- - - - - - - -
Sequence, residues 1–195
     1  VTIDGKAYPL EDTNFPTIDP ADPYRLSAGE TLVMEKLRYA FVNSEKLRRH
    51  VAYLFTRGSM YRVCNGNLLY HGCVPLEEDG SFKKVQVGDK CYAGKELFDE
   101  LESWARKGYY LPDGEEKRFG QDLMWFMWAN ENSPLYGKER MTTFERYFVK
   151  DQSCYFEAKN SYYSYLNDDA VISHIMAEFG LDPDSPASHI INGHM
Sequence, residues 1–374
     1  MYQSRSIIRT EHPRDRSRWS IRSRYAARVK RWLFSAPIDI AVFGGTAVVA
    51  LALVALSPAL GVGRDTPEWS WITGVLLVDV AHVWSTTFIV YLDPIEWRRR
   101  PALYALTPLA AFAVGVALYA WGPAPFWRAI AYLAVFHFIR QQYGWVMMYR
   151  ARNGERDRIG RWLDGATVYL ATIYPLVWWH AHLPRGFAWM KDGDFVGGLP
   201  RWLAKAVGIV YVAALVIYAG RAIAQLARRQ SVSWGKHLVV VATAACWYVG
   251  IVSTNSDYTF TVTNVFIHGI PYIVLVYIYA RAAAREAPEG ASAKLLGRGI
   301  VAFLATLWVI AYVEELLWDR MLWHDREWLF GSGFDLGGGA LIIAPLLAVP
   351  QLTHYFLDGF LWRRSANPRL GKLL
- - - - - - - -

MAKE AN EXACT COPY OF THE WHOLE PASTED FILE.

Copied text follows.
Sequence, residues 1–195
     1  VTIDGKAYPL EDTNFPTIDP ADPYRLSAGE TLVMEKLRYA FVNSEKLRRH
    51  VAYLFTRGSM YRVCNGNLLY HGCVPLEEDG SFKKVQVGDK CYAGKELFDE
   101  LESWARKGYY LPDGEEKRFG QDLMWFMWAN ENSPLYGKER MTTFERYFVK
   151  DQSCYFEAKN SYYSYLNDDA VISHIMAEFG LDPDSPASHI INGHM
Sequence, residues 1–374
     1  MYQSRSIIRT EHPRDRSRWS IRSRYAARVK RWLFSAPIDI AVFGGTAVVA
    51  LALVALSPAL GVGRDTPEWS WITGVLLVDV AHVWSTTFIV YLDPIEWRRR
   101  PALYALTPLA AFAVGVALYA WGPAPFWRAI AYLAVFHFIR QQYGWVMMYR
   151  ARNGERDRIG RWLDGATVYL ATIYPLVWWH AHLPRGFAWM KDGDFVGGLP
   201  RWLAKAVGIV YVAALVIYAG RAIAQLARRQ SVSWGKHLVV VATAACWYVG
   251  IVSTNSDYTF TVTNVFIHGI PYIVLVYIYA RAAAREAPEG ASAKLLGRGI
   301  VAFLATLWVI AYVEELLWDR MLWHDREWLF GSGFDLGGGA LIIAPLLAVP
   351  QLTHYFLDGF LWRRSANPRL GKLL